[Beowulf] cluster softwares supporting parallel CFD computing

Jim Lux James.P.Lux at jpl.nasa.gov
Sun Sep 17 21:46:21 PDT 2006

At 04:05 PM 9/17/2006, Mark Hahn wrote:
>wherein Jim describes a system which scaled poorly even at n=2.
>>>Yes, the software structure was badly designed for the interconnect.
>>>HOWEVER, the whole point of computing resources is that I really
>>>shouldn't have to design the whole software system around the
>>>peculiarities of the hardware platform.
>I would say you want a computational appliance - a concept which is 
>somewhat at odds to actual programming.

You may be right.  The system I described is vintage mid-late 80s 
(when hot rod numeric computing was adding a coprocessor to the 
286).  However, the comment was more directed towards the observation 
of one poster that interconnect speed is unimportant to most 
developers.. I suspect this isn't the case, and neither is compiler 
technology at a point (some 20 years later!) that it can be done 

The early hypercubes from Intel were essentially an early poke at the 
Beowulf concept.  Lots of computation with basically stock compute 
nodes and basically stock interconnects (albeit on Intel Multibus or 
something similar.. I don't recall, and I'm not motivated enough to 
go out to the garage to find the docs)

In any case, I think we're a ways away from "automatic utilization of 
parallelizable resources", at least for general applications.  For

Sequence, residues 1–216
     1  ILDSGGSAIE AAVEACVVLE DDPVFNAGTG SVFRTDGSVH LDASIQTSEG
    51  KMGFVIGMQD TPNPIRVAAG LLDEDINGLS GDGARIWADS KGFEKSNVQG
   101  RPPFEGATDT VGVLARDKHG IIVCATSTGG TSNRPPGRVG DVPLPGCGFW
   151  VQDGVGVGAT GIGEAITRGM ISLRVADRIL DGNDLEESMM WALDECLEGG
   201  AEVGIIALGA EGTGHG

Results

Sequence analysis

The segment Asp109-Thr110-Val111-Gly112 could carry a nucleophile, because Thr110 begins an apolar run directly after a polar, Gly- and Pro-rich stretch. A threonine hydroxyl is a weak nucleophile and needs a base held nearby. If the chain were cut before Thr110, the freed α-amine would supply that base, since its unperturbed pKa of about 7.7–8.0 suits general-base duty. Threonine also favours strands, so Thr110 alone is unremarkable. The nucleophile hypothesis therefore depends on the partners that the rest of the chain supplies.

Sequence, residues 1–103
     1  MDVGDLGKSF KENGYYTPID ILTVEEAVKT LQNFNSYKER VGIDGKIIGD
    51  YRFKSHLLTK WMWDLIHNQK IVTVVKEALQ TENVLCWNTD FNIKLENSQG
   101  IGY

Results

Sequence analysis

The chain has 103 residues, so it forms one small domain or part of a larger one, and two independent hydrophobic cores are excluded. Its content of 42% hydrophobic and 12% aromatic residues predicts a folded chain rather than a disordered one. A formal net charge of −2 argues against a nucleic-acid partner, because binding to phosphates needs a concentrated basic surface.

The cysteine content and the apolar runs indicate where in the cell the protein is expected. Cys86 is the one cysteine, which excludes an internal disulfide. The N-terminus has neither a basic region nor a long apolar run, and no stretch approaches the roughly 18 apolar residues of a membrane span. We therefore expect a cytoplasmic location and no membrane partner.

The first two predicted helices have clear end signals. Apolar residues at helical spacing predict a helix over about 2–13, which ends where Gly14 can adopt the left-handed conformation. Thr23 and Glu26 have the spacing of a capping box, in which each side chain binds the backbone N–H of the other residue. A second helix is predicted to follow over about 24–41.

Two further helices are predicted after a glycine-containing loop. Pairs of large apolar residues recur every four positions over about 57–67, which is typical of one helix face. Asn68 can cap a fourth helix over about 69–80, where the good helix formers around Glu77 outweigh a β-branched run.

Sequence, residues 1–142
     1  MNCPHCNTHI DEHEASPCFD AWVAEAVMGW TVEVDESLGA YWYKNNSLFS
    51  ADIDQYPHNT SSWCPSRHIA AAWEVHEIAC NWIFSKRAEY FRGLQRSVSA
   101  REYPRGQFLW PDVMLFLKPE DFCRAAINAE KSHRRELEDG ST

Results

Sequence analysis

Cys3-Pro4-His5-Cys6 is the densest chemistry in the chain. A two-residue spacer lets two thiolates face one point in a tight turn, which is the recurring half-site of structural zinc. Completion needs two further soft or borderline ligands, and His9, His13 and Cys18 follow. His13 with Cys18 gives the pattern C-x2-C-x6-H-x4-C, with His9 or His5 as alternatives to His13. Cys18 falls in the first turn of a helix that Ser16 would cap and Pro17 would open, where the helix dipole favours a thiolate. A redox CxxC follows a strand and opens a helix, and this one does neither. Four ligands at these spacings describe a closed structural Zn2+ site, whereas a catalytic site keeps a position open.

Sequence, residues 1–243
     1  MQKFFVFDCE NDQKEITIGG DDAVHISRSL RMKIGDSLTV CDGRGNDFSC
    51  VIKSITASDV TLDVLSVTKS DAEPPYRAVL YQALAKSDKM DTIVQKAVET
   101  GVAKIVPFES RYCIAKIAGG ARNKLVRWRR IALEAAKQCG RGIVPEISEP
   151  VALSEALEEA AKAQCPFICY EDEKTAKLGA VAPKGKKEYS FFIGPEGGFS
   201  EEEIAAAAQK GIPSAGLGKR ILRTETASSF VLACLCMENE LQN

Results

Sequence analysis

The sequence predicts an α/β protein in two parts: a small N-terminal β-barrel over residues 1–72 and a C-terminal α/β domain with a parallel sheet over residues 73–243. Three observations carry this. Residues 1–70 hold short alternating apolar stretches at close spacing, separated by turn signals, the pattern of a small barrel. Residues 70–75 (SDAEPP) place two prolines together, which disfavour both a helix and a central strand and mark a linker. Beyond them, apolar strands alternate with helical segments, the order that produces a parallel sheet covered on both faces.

some applications, the return on investment of figuring out how to do 
it is sufficiently great that it's worth doing, but those are, I 
think, more in the nature of "point designs", rather than generalized 
solutions.  Perhaps the existence of paralleled libraries for things 
like BLAS are a step in that direction.

For  myself.. I'd love to be able to spend my time figuring out how 
to automatically utilize a given interconnect method (given the 
interconnect properties)  It's a fascinating optimization problem; 
gosh, just figuring out how to describe the interconnect properties 
in an abstract way is an interesting problem. Sadly, there are other 
claims on my time, and they're the ones that pay me to eat.

James Lux, P.E.
Spacecraft Radio Frequency Subsystems Group
Flight Communications Systems Section
Jet Propulsion Laboratory, Mail Stop 161-213
4800 Oak Grove Drive
Pasadena CA 91109
tel: (818)354-2075
fax: (818)393-6875 

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